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Ladson v. Colvin

United States District Court, Third Circuit

January 17, 2014

RUBY MAY LADSON,
v.
CAROLYN W. COLVIN, Acting Commissioner of Social Security.

ORDER-MEMORANDUM

JOHN R. PADOVA, District Judge.

AND NOW, this 17th day of January, 2014, upon consideration of Plaintiff's Brief and Statement of Issues in Support of Request for Review (Docket No. 9), Defendant's Response thereto, Plaintiff's reply, the Report and Recommendation of United States Magistrate Judge Linda K. Caracappa (Docket No. 16), and Plaintiff's Objections thereto (Docket No. 17), IT IS HEREBY ORDERED as follows:

1. Plaintiff's Objections are OVERRULED.
2. The Report and Recommendation is APPROVED and ADOPTED.
3. Plaintiff's Request for Review is DENIED.
4. The Decision of the Commissioner is AFFIRMED.

The ALJ in this case denied Plaintiff's request for disability insurance benefits and disabled widow's benefits, finding that Plaintiff had two severe impairments - left eye blindness and osteoarthritis - but that Plaintiff had the residual functional capacity ("RFC") to perform past, relevant, sedentary work. Judge Caracappa subsequently recommended that we deny Plaintiff's request for review, and Plaintiff now objects to Judge Caracappa's Report and Recommendation ("R&R"). We read the objections to be twofold. First, Plaintiff contends that Judge Caracappa erred in failing to recommend that the ALJ erred in failing to consider Plaintiff's atypical migraine and cervicalgia as severe impairments. Second, Plaintiff contends that the Judge Caracappa erred in failing to recommend that the ALJ's conclusion that Plaintiff had the residual functioning capacity ("RFC") to perform sedentary work was not supported by substantial evidence. We review de novo those portions of the Magistrate Judge's report and recommendation to which objections are made. 28 U.S.C. § 636(b)(1).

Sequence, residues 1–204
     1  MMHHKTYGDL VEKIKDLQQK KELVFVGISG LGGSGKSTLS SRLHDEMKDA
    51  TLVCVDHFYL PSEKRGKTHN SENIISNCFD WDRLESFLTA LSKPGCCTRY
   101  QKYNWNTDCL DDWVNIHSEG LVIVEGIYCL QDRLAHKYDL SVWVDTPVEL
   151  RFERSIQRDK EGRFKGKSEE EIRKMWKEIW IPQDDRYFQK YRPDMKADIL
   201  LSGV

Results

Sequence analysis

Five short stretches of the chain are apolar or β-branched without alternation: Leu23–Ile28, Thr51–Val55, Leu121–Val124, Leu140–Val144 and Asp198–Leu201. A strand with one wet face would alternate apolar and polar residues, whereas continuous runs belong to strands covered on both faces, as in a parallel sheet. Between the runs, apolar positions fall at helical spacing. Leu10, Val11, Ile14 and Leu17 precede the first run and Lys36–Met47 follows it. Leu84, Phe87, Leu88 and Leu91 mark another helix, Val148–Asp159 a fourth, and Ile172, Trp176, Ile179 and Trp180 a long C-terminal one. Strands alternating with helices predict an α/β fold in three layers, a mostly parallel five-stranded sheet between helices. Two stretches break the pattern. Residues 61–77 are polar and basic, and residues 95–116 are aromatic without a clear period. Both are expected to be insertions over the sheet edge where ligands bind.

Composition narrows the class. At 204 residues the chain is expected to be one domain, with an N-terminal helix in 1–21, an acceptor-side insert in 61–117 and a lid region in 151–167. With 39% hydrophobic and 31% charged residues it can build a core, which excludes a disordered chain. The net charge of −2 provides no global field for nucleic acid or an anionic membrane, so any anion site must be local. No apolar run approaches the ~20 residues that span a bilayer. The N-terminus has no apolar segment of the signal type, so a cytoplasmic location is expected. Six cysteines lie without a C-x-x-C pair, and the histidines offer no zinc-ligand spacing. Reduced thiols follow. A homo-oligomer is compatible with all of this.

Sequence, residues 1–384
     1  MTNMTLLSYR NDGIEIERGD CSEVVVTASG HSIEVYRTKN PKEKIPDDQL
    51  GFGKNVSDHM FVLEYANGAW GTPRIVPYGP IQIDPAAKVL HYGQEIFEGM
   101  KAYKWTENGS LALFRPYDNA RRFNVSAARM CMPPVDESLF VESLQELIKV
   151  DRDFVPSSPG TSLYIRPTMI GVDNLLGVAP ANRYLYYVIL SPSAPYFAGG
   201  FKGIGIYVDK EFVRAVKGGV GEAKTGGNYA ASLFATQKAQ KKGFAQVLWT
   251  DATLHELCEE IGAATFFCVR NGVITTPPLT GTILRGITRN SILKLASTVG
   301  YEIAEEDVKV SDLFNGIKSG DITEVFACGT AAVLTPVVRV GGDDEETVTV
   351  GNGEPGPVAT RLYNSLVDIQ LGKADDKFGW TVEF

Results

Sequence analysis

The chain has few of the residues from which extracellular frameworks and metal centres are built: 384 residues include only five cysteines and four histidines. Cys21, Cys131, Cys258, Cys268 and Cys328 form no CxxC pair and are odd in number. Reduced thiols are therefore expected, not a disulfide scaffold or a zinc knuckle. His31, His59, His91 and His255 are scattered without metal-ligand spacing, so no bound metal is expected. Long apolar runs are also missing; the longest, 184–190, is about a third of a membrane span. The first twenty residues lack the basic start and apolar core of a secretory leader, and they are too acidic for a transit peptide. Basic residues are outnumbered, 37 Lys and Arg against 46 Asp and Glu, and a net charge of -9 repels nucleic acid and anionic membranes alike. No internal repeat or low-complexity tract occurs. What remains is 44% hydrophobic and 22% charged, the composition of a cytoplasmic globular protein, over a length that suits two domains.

With respect to Plaintiff's assertion that the ALJ erred in failing to consider her atypical migraine and cervicalgia as additional severe impairments at Step Two of the sequential analysis, we note that the only impairments that Plaintiff asserted on her original application for disability benefits were "stroke and brain tumor." (App. 152.) Subsequently, at the hearing before the ALJ, Plaintiff's counsel argued that Plaintiff had suffered a "cerebrovascular accident" on January 9, 2008, had a tumor adjacent to the coronary artery, and suffered from degeneration in her shoulder joint, as well as glaucoma. (App. 45-46.) Thus, Plaintiff did not argue to the ALJ that atypical migraine and cervicalgia were additional severe impairments that limited her ability to work. See, e.g., Snedeker v. Comm'r of Soc. Sec., 244 F.Appx. 470, 475 & n.3 (3d Cir. 2007) (stating that ALJ did not err in failing to consider condition as separate impairment when, inter alia, claimant did not separately list the ailment as a condition that limited his ability to work on his disability report).

Moreover, any failure to consider atypical migraine and cervicalgia as severe impairments was harmless in light of the ALJ's determination that Plaintiff suffered from other severe impairments. As the United States Court of Appeals for the Third Circuit has made clear, the Step Two inquiry functions as a " de minimis screening device to dispose of groundless claims." McCrea v. Comm'r of Soc. Sec. , 370 F.3d 357, 360 (3d Cir. 2004) (quotation omitted). As long as a plaintiff establishes that she has a severe impairment, the de minimis screening is completed, and the ALJ proceeds to consider whether the plaintiff is disabled because her severe impairment meets or equals a listed impairment or because his RFC renders her disabled. Here, because the ALJ found that Plaintiff had two severe impairments, he properly moved on to Steps Three and Four in the sequential analysis. See Salles v. Comm'r of Soc. Sec. , 229 F.Appx. 140, 145 n.2 (3d Cir. 2007) ("Because the ALJ found in [plaintiff's] favor at Step Two, even if he had erroneously concluded that some of her other impairments were non-severe, any error was harmless." (citation omitted)). In addition, in assessing Plaintiff's RFC, the ALJ considered all of Plaintiff's documented symptoms, not only those that were associated with her two severe impairments. We therefore overrule Plaintiff's objections to the R&R insofar as she contends that Judge Caracappa erred in failing to recommend that the case be remanded based on error at Step Two.